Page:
Dictionary of Greek and Roman Biography and Mythology by Various Writers Volume 1
This historic book may have numerous typos and missing text. Purchasers can usually download a free scanned copy of the original book (without typos) from the publisher. Not indexed. Not illustrated. 1872 edition. Excerpt: ... summoned from their winter quarters the three legions at Aquileia, levied two new ones, and with these five crossed the Alps, and came into the country of the Segusiani, the first independent people north of the province, near the modern town of Lyons. Vhen he arrived there, he found that the I-lelvetii had passed through the country of the Sequani, and were now plundering the territories of the Aedui. Three out of their four clans had already crossed the Amr (Safme), but the fourth was still on the eastern side of the river. This clan, called Tigurinus, was unexpectedly surprised by Caesar, and cut to pieces. He then threw a bridge across the Arar, and went in pursuit of the enemy. His progress, however, was somewhat checked by the defeat, a day or two afterwards, of the whole body of his cavalry, 4000 in number, levied in the province and among the Aedui, by 500 Helvetian horsemen. He therefore followed them more cautiously for some days, and at length fought a pitched battle with them near the town'of Bibractc (Autun). The battle lasted from about mid-day to sunset, but the Helvetii, after a desperate conflict, were at length defeated with great slaughter. After resting his troops for three days, Caesar went in pursuit of the enemy. Unable to offer any further resistance, they surrendered unconditionally to his mercy, and were by him commanded to return to their former homes. When they left their native country, their number was 368,000, of whom 92,000 were fighting-men; but upon retuming to Helvetia, their number was found to have been reduced to 110,000 persons. This great victory soon raised Caesar' fame among the various tribes of the Ganls, who now sent embassies to congratulate him on his success, and to solicit his...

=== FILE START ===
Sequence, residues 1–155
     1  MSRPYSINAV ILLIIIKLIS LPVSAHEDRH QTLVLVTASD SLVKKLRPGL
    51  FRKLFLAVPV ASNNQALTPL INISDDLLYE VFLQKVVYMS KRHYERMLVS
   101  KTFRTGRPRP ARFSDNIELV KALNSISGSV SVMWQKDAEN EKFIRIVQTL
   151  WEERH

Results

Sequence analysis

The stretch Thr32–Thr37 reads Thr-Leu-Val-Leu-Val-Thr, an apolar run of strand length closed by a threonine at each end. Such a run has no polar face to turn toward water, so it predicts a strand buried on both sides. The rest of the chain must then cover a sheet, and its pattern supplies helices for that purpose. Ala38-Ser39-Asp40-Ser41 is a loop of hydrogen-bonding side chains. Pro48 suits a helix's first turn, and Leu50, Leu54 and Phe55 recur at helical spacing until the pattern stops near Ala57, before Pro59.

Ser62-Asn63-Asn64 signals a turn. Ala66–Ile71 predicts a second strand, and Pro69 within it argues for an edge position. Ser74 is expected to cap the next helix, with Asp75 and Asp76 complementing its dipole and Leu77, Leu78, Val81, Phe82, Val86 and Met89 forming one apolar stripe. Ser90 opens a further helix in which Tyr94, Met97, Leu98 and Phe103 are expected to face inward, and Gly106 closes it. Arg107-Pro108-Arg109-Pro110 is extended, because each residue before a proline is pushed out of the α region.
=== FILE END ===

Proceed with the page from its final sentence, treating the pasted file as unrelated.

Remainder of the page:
- Paperback | 1192 pages
- 189 x 246 x 59mm | 2,077g
- 13 May 2014
- Illustrations, black and white